Clayton M. Isaacson, World War II ace, commanded Joint Task Force LEO during Operation Dragon Rouge, one of the most dramatic airlift missions ever attempted. Born in Detroit Lakes, Minnesota, in 1919, he displayed his adventurous spirit at the age of 19 by riding his horse, "Smoky," 2,300 miles from California to Minnesota. After graduating from the Northwest School of Agriculture in Minnesota and attending Washington State University for three semesters, he enlisted in the United States Army in 1941. He earned his pilot wings and commission upon graduation from flight school at Ellington Field, Texas, in August 1942.
Isaacson was assigned to the 321st Light Bombardment Group in the Mediterranean Theater and flew 50 combat missions in the B-25 Mitchell. In 1943, he transitioned to the P-38 Lightning and was assigned to, and later commanded, the 96th Fighter Squadron--and added 78 more missions! Volunteering for duty in the Pacific, he was assigned in February 1945 to command the 7th Fighter Squadron where he added another 82 missions in the P-38. Following the war, he was one of the first assigned to fly jet fighters, and in 1947 he became Operations Officer of the 1st Fighter Group, March Field, California.
During the Korean War, Isaacson flew over 120 combat missions as the 51st Group Operations Officer and later as Tactical Inspector, Fifth Air Force. From 1951 to 1964, he served in numerous positions including Commander of the Air Force Fighter Weapons School at Nellis AFB, Nevada; Advisor to the Chinese Nationalist Air Force at Tainan Air Base, Taiwan; and as Chief of the Air Force Section, Military Assistance Advisory Group to Ethiopia. In July 1964, Isaacson was assigned as Chief, Special Plans Division, United States STRIKE Command at MacDill AFB, Florida, and for 5 months he commanded Joint Task Force LEO in the Republic of the Congo.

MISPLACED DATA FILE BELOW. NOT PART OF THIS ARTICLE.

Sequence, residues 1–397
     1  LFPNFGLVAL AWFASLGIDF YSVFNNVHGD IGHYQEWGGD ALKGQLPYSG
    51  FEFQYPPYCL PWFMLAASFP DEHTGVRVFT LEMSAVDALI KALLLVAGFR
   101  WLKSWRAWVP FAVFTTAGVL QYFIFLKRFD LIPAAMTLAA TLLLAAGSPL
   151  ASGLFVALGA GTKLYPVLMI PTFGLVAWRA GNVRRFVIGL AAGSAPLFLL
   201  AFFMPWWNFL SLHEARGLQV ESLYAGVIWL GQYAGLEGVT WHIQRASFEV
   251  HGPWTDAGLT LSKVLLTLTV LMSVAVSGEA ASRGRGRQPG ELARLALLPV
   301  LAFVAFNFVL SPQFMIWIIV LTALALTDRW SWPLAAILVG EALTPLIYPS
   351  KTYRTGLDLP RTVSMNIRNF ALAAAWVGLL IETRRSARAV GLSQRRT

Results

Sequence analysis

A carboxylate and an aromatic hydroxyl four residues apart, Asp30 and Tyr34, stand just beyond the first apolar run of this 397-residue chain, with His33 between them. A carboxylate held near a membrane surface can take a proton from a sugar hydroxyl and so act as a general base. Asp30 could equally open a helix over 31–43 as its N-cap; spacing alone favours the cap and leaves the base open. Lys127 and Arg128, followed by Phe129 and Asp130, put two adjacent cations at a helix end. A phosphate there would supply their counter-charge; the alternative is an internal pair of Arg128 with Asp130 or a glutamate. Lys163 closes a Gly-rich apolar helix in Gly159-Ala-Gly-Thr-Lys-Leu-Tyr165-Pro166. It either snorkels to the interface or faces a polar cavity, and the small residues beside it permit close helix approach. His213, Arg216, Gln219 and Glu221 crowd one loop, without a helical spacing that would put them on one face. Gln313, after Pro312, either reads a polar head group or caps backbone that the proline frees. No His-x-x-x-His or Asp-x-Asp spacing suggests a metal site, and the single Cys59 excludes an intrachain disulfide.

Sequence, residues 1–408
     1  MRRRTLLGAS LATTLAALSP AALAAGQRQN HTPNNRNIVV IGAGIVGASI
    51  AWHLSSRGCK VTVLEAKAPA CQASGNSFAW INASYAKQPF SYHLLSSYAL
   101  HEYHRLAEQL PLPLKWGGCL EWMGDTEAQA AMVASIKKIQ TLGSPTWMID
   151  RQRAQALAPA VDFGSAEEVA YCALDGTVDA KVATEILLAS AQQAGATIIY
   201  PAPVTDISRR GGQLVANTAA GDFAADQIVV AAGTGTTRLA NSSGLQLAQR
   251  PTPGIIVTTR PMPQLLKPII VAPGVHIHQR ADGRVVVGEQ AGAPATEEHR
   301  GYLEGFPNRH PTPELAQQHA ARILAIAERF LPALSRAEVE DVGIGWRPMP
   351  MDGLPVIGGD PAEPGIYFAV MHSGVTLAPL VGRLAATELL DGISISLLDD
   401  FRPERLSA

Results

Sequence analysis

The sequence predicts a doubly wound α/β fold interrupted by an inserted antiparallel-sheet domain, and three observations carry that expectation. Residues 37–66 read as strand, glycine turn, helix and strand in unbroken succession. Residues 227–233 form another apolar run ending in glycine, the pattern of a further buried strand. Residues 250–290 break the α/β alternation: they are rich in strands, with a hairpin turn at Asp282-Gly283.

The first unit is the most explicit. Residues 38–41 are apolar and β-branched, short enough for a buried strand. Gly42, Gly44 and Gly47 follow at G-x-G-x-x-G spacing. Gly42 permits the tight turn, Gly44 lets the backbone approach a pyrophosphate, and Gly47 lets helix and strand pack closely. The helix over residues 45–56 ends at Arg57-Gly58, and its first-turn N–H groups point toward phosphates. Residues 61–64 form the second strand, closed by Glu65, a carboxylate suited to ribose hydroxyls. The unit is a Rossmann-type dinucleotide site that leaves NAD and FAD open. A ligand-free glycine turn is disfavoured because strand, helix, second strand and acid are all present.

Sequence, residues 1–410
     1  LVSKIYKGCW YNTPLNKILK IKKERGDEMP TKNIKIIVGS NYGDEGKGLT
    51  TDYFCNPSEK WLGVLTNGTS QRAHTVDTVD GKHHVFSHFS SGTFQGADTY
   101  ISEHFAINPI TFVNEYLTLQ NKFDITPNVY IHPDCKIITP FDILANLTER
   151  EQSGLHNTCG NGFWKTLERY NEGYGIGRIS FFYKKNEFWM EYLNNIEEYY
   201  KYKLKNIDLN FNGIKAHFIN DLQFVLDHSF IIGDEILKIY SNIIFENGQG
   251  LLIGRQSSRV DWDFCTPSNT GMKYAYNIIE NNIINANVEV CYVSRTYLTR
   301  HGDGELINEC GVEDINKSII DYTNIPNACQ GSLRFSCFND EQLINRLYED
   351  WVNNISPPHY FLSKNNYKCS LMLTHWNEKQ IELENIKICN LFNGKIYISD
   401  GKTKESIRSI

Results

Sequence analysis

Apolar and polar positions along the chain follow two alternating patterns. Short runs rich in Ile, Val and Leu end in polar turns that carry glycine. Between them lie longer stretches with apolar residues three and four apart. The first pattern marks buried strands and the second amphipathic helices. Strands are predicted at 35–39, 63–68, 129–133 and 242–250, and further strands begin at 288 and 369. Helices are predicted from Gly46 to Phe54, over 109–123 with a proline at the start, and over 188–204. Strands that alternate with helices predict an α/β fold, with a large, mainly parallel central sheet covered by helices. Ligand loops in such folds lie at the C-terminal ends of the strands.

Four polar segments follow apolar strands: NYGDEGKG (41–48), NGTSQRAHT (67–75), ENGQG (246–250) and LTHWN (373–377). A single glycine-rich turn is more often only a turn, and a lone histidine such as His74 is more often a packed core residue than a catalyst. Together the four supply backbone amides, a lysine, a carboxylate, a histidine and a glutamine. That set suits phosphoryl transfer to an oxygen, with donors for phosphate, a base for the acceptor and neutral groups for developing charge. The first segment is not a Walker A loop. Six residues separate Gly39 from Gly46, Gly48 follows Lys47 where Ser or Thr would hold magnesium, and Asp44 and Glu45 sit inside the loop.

After commanding the 401st Tactical Fighter Wing at Torrejon AB, Spain, he was appointed Assistant Chief of Staff for Plans and Operations, US Air Forces in Europe in June 1967 and promoted to brigadier general. Before retiring in 1970, he commanded the 35th Air Division, NORAD, at Hancock Field, New York; and the 23rd Air Division, Air Defense Command, at Duluth International Airport, Minnesota.
By November 1964, Congolese rebels had taken over 1000 captives in Stanleyville, Republic of the Congo, including the American Consul and his four aides. On 24 November 1964, Colonel Isaacson, commander of Joint Task Force LEO, accompanied the C-130 Hercules force carrying 545 Red Berets of Belgium's elite First Paracommando Regiment on a mission to rescue the prisoners. The big airlift--headline news everywhere--was hailed around the free world as a magnificent display of military air power with a great humanitarian objective. In all, Colonel Isaacson flew 10 aerial missions during the operation and was awarded the Legion of Merit and the Order of Leopold II (Belgium).